Mr. Rawlinson's approach, which wafts a little incense before the idols of the past, is, of course, mostly unconscious. And I have no doubt that it is inspired by a genuine humani-

India. A Short Cultural History. By H. G. Rawlinson. (The Cresset Press. 3os.)

tarianism. But nevertheless it becomes a negation of civilisa: don as "much as the method of some Governments in the East which encourage and stimulate the most antiquated forms of native cultures but will not sanction free primary education to give the living cultural heritage of the people a new life.

The past in India is certainly ours. But how are we to save it, to make it ours ?

Mr. Rawlinson quotes Max Muller who, after a lifetime devoted to the study of Sanskrit, said : " If I were to ask myself from what literature we here in Europe, who have been nurtured almost exclusively on the thoughts of the Greeks and Romans, and one Semitic race, the Jewish, may draw that corrective which is most wanted in order to make our inner life more perfect, more universal—in fact, more human, I should point to India." And he proceeds to write the history of the Indian peoples, avoiding detail and only incidentally touching upon the British period.

Now, as I have tried to show above, any survey of our past heritage which does not study it in relation to our own time, but aims to borrow a theory or an ideal of life from history, is doomed to failure, especially as in this cue the ideal is wrapped up in the religious philosophy of Hinduism which the majority of men in India neither accept nor reject, but believe in as a formula, which in praCtice they seek most of the time to evade in view of the constant encroachments on its taboos by modern industrial civilisation: Mr. Rawlinson's schema is the usual one, familiar by now even to the proverbial intelligent man for whom guide-books are written. There were the original inhabitants of India followed by conquerors who wrote the Vedas, composed the epics Ramayana and Mahabharata, evolved the caste system ; and there were other waves of conquerors who did their bit— specially the Moguls. In justice to the author it must be said that he has assimilated such scraps of information as have become available through the researches of the German Baron E. von Eickstedt, who considers that the early settlers in India were neither Dravidians nor Aryans, but Dravidian and Aryan-speaking peoples of a dark, negroid stock and a brown, broad-nosed race, respectively. But one looks in vain for any new synthesis of these periods even in a book designed for popular consumption.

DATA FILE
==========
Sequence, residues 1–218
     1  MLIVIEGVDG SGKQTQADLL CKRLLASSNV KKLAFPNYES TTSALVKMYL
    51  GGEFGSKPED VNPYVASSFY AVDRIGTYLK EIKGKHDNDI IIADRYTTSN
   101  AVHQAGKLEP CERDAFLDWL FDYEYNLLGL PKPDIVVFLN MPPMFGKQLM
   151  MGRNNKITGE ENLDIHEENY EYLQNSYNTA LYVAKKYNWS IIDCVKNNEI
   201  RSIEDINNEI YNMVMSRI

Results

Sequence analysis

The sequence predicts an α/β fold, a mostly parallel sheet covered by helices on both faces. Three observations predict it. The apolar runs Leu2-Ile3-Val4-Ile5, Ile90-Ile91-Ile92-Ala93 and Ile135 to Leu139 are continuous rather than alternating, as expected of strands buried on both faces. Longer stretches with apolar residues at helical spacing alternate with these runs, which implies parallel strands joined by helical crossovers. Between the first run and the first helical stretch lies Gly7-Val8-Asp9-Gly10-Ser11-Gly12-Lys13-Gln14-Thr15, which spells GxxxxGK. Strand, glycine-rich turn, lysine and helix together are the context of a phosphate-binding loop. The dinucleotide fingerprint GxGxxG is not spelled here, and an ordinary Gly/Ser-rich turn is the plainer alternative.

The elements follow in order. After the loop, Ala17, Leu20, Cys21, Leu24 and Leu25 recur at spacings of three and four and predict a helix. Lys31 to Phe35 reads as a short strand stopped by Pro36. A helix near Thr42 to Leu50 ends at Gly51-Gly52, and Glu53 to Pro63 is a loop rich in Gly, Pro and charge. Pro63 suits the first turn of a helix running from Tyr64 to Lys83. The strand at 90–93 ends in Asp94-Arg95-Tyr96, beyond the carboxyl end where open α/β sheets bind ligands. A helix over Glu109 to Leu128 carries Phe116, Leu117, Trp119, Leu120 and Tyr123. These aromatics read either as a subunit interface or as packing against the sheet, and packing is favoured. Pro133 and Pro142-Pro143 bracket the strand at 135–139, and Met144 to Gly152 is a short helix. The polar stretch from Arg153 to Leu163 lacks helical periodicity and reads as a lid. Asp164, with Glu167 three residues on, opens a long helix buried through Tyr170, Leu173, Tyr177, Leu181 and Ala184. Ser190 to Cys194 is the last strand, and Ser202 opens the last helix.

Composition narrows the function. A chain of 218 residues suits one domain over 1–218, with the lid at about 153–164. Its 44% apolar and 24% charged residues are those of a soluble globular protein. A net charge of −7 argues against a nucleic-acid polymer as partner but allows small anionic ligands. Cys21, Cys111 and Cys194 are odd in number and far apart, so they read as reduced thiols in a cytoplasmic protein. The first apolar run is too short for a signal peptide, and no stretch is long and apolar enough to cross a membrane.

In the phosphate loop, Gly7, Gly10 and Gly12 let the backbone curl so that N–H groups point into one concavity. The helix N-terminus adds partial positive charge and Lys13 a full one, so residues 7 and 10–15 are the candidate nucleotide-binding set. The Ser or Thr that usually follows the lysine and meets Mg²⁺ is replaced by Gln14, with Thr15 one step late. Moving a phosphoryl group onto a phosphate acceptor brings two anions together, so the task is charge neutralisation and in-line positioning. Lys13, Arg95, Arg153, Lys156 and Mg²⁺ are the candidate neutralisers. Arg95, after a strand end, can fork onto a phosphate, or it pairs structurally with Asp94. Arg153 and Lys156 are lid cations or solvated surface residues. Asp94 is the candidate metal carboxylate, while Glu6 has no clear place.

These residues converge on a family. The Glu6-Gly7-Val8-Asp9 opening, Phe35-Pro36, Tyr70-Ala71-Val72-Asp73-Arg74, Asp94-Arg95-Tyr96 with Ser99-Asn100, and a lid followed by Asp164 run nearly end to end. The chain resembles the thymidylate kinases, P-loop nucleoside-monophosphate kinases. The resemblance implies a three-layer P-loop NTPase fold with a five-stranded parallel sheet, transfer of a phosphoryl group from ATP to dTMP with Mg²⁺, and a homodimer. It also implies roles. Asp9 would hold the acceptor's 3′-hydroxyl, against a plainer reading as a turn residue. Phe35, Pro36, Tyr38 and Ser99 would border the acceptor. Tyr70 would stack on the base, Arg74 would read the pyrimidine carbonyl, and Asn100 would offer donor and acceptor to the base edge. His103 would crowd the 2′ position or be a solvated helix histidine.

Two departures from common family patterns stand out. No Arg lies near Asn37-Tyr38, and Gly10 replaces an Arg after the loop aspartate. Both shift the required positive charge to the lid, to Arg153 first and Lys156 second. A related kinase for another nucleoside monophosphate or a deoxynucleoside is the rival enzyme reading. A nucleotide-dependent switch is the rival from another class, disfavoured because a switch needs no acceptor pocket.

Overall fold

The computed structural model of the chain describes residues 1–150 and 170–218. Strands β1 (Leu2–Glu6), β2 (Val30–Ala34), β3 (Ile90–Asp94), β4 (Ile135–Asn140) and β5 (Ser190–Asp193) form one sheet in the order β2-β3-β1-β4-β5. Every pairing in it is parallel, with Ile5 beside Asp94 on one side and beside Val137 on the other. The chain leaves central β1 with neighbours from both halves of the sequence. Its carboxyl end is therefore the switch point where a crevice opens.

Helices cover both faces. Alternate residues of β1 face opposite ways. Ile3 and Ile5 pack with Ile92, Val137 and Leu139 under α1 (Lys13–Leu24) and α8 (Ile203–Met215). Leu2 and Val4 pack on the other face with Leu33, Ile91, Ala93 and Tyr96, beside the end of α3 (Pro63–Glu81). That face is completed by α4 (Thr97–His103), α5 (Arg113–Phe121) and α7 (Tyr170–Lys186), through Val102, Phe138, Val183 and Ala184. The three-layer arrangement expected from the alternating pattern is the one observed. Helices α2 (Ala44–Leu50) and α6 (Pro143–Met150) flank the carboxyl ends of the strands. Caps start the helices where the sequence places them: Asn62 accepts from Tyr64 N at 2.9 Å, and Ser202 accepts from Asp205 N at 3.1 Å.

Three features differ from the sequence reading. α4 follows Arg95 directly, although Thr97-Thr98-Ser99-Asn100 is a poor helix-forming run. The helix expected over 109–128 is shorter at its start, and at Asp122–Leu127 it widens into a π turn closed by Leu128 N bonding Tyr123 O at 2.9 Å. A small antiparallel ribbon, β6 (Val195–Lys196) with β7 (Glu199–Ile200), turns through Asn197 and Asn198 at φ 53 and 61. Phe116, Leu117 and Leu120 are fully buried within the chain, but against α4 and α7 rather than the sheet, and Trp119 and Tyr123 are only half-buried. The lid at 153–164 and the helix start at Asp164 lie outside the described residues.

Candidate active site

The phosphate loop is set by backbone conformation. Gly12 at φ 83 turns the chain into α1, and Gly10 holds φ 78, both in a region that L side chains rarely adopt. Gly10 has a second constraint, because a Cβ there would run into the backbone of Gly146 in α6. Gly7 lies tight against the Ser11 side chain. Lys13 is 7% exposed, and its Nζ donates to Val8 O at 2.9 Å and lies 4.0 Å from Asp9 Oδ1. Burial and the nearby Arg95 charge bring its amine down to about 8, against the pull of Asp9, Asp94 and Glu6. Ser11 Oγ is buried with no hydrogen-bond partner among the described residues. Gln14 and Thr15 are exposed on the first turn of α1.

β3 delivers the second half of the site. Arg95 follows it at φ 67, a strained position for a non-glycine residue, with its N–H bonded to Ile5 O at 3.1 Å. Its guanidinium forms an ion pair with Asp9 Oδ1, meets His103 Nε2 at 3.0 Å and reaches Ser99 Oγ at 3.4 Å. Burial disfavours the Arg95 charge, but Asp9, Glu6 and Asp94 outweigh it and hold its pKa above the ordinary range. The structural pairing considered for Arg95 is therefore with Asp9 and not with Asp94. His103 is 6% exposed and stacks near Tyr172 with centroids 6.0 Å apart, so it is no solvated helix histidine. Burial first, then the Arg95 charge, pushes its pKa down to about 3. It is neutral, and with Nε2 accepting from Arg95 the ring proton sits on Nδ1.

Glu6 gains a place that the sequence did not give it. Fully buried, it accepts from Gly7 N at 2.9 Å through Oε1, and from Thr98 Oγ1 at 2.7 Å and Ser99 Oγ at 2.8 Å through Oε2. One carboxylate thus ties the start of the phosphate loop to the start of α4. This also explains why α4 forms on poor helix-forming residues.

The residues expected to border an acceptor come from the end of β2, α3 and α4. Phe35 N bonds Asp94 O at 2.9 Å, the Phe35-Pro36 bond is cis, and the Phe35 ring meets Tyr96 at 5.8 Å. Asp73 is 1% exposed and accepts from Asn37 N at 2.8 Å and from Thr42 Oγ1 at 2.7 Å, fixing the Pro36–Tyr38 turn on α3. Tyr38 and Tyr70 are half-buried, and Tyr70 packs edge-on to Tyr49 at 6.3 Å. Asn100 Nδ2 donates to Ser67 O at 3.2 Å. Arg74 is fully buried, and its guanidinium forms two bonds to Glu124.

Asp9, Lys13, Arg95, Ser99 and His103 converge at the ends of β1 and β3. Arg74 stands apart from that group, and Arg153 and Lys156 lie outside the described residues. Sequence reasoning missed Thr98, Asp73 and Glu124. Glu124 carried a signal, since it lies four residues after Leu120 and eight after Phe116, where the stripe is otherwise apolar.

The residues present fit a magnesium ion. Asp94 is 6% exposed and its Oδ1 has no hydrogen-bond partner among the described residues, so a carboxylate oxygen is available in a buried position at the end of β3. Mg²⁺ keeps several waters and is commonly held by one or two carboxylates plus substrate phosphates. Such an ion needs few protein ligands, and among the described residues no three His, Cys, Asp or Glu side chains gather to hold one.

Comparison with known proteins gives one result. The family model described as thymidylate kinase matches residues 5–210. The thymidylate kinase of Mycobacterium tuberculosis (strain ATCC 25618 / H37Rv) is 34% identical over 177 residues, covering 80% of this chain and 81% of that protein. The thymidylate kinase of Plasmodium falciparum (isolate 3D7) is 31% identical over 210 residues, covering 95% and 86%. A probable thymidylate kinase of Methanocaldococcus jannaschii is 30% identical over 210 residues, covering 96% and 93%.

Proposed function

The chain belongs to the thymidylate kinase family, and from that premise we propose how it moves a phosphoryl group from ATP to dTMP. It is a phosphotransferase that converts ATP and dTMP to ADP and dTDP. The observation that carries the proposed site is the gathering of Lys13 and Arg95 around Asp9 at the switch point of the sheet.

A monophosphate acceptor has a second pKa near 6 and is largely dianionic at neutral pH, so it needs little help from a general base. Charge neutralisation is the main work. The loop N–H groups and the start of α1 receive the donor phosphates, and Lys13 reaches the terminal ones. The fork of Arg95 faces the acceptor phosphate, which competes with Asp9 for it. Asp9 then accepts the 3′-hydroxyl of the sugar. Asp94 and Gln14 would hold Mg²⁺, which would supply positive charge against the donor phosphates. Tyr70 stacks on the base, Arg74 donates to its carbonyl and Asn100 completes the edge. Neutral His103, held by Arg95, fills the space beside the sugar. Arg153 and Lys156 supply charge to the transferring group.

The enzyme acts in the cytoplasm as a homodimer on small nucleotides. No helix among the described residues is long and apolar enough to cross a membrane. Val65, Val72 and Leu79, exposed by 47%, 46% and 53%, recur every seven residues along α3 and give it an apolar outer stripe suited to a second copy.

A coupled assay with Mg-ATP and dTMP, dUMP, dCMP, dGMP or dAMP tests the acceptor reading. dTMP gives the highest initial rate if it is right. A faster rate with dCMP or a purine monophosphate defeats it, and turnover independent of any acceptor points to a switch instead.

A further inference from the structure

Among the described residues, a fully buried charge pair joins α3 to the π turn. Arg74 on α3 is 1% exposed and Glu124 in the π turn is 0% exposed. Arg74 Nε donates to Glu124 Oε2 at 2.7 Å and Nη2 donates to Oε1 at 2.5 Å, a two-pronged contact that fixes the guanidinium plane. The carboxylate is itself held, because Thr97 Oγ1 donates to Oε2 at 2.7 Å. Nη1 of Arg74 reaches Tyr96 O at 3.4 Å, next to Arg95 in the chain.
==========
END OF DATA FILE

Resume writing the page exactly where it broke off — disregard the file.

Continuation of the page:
For however indeterminate these early periods may be, there is enough in the hymns of 'those first books of the world, the four Vedas, there is enough in the vast mass of stories and ballads and folk songs in the epics and in the survivals of early art forms, for us to make the basis of a survey of the societies from which these documents of human culture sprang up century by century for two thousand years. That the character of early Indian society was not static over long periods, and that the later feudalism went through many phases is shown by the time which the caste system took to develop ; by the revolt of the Buddha against Bralunanism, which was sympto- matic of a social ferment whose cultural impulses arose from the urge for a new humanism. And how, otherwise, did the Indian sensibility flower out again after the develop- ment of great schools of philosophical thought, in the drama of the golden age in the foUrth century A.D., in Ajanta and in the tender lyricism of those intimate carvings of Sanchi and Borobodur that stand coldly neglected on the staircase of the British Museum ? And why the exuberant vitality of mediaeval Indian sculpture ? And how the contemporary decadence ?

All these changes relate back to slow changes in the social life of India which will have to be studied in detail if the past of India is to be ours. Meanwhile, although it may seem ungrateful to Mr. Rawlinson and others who have the interest of India at heart, we feel the real history of India has not yet begun to be written.